Low-paid temps are being warned they could be chased for unpaid taxes because of complex arrangements on their expenses drawn up by employers.
Tax rules state that neither the agency worker, nor the company employing them, need pay national insurance on the money they receive to cover costs.
But HM Revenue and Customs (HMRC) is concerned that some agencies are paying staff for spurious expenses.
Campaigners say such schemes exploit workers by putting them at risk of being chased for unpaid taxes and have described the practice as "abusive tax avoidance".
Izabella - not her real name - works as a picker in a warehouse and pays no more than £40 a week on food and getting to work. However, her payslips show that she regularly gets paid more than double that amount in expenses.
She told 5 live Investigates that she did not appear to be any better off for being in the scheme - and that she was not paying any income tax, which worried her.
"When I checked the payslip, I wanted to know about where my cash was going," she said.
The answer is that the lion's share of any tax saving is often taken by the agency and any company to which it subcontracts to manage its payroll - sometimes known as an "umbrella" company.
The agency worker then effectively becomes the payroll company's employee.
HMRC told the BBC: "HMRC will always pursue the employer for any underpaid tax and national insurance when we find evidence of abuse.
"Where the employer cannot be found, we consider the case on its own merits, but would not generally hold an employee liable for the tax where evidence showed the employee had been misled by the employer."
Under the complex tax rules, if the worker moves between different assignments but remains employed by the same company, they can claim tax relief on the expenses covering their travel from home to those different places of work.
But some agency workers have found they are being paid much more to cover the cost of food and travel than they actually spend.
These companies also save money by not having to pay employer's national insurance contributions on the part of the worker's income which is paid as expenses.
"I think it's bad but I have to live," Izabella told 5 live Investigates.
"I've got a family and a child and I must work. But I don't want to work there a second time because many people want to cheat me with cash."
The charity Tax Aid said it has even seen cases of employees being paid expenses where none are due at all.
"We certainly see cases where employees say, 'I didn't have any expenses. I walk to work'," says the charity's technical director, Frances Corrie.
"They may tell us that they have a bicycle or they really don't incur any expenses in getting there."
But Tax Aid said it has seen cases where HMRC has queried why such a worker would be claiming so much in expenses and, as a result, chased them for unpaid tax.
"It's possible for the worker to make an expense claim against that amount if they've got the receipts but, in the absence of that, the Revenue will just say, 'We want the tax from it'," says Ms Corrie.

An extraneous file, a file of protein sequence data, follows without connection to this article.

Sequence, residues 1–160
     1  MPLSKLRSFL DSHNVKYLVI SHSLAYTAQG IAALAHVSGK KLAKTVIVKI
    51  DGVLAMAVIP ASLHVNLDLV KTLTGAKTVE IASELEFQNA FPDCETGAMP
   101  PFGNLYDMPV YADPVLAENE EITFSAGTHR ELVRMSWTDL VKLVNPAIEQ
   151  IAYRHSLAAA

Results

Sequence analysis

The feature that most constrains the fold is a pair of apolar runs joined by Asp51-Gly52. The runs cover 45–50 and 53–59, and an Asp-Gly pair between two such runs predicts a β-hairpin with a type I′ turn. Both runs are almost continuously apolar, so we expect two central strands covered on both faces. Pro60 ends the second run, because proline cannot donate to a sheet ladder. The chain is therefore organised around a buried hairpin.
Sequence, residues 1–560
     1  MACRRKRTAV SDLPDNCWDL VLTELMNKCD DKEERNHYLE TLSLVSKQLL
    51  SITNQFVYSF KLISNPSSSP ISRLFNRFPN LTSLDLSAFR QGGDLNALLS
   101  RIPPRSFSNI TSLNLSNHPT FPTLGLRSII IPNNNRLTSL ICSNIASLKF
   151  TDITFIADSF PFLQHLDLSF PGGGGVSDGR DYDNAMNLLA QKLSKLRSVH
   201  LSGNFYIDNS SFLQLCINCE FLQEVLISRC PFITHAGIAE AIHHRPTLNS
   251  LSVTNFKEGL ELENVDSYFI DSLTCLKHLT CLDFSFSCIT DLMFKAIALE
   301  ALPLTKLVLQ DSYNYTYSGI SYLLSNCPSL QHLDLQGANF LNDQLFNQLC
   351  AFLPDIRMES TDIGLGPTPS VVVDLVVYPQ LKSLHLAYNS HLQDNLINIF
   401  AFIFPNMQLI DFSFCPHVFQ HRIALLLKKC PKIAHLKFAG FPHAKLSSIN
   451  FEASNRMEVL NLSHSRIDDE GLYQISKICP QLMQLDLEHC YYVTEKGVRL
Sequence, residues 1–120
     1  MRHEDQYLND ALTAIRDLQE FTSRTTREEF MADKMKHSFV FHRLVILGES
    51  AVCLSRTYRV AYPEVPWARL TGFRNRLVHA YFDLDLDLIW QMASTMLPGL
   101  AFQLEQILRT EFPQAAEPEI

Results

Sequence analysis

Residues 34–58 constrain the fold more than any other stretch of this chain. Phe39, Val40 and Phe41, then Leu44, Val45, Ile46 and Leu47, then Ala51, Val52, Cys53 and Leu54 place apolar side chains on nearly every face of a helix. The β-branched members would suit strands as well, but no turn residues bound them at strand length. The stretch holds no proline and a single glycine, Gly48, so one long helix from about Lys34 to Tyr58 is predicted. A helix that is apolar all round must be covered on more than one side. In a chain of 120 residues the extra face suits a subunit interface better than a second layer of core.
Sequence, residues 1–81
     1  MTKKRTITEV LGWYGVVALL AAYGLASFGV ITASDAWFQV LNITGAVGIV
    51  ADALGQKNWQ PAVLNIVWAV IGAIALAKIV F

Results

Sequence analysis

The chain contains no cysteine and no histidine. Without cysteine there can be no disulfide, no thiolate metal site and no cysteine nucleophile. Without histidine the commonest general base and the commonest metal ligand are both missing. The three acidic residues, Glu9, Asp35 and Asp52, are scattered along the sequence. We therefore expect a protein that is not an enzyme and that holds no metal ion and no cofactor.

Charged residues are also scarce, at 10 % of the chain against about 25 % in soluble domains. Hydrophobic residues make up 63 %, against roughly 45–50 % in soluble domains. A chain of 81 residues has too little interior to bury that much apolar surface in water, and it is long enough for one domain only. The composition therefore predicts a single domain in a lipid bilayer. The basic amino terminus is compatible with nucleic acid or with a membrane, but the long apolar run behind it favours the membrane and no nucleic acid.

The charity says it has seen an example of a worker being chased for an unpaid tax bill of £600, which they then had to negotiate with HMRC.
The Low Income Tax Reform Group (LITRG) is also concerned that many agency workers being paid expenses in this way do not understand the potential implications.
"It is sometimes argued that the worker has a choice whether or not to accept employment under the terms of one of these schemes. That is spurious," says LITRG technical director Robin Williamson.
"First, the payslips are not easy to follow, particularly for someone who lacks numerical skills. And the terms and conditions we have seen tend to be convoluted and full of legalese."
"The workers, many of whom are paid at or near the minimum wage and tend to be relatively unskilled, have little hope of picking their way through the detail unaided," he told 5 live.
LITRG is also concerned that changes to the benefits system, due to come in to force in 2013, may mean workers face being fined if they are found to have been paid expenses on sums which should have been taxed as earnings.
"In the case of Universal Credit, it will be open to the Department for Work and Pensions (DWP) to charge a civil penalty if they think that the overpayment came about as a result of negligence by the claimant," warns Mr Williamson.
"Not only does the worker face an unexpected tax bill, he or she would also have to reimburse the DWP for overpaid benefit and possibly pay a penalty."
The group says some of the schemes that it is aware of amount to "abusive tax avoidance".
The Recruitment and Employment Confederation, which is the professional body for the industry, told the BBC: "HMRC needs to investigate any complaints, apply the law and ensure a level playing field for all recruiters.
"The current lack of enforcement puts recruiters who abide by the rules at a disadvantage and could lead to workers missing out on benefits."
Last year, the government published a statement setting out its view that the payment of tax relief on expenses by an employer was not compliant with the rules.
But despite the warning, the schemes continue to be widely used.